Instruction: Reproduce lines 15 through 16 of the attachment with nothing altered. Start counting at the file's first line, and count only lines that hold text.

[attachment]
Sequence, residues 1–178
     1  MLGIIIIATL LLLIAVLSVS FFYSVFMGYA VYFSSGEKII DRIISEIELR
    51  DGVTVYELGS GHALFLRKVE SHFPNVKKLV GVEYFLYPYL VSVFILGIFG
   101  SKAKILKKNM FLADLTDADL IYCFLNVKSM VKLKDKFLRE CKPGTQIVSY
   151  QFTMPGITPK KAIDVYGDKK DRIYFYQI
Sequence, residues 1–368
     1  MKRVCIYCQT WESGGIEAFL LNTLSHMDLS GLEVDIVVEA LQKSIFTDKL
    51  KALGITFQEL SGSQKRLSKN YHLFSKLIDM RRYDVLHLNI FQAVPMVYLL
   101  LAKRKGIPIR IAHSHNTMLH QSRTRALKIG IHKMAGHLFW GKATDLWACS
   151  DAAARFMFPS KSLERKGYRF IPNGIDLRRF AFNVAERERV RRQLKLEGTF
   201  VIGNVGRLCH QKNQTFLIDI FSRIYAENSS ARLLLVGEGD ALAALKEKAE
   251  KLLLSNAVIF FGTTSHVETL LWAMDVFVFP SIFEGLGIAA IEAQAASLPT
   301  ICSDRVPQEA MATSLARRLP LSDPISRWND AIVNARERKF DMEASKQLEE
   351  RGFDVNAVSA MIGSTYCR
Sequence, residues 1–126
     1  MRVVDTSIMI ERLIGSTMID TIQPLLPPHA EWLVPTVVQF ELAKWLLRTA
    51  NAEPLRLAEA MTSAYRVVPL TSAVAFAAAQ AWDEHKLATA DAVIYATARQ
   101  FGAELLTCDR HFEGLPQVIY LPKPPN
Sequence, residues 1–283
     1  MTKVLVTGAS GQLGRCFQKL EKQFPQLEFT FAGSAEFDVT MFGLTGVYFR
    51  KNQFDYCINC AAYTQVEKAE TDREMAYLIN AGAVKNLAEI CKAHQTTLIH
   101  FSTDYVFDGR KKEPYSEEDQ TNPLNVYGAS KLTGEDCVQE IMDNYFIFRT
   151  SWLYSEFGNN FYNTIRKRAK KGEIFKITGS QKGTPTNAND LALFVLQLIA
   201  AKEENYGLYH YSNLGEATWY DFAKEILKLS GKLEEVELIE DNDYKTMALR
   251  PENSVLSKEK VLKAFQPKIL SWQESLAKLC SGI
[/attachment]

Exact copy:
Sequence, residues 1–126
     1  MRVVDTSIMI ERLIGSTMID TIQPLLPPHA EWLVPTVVQF ELAKWLLRTA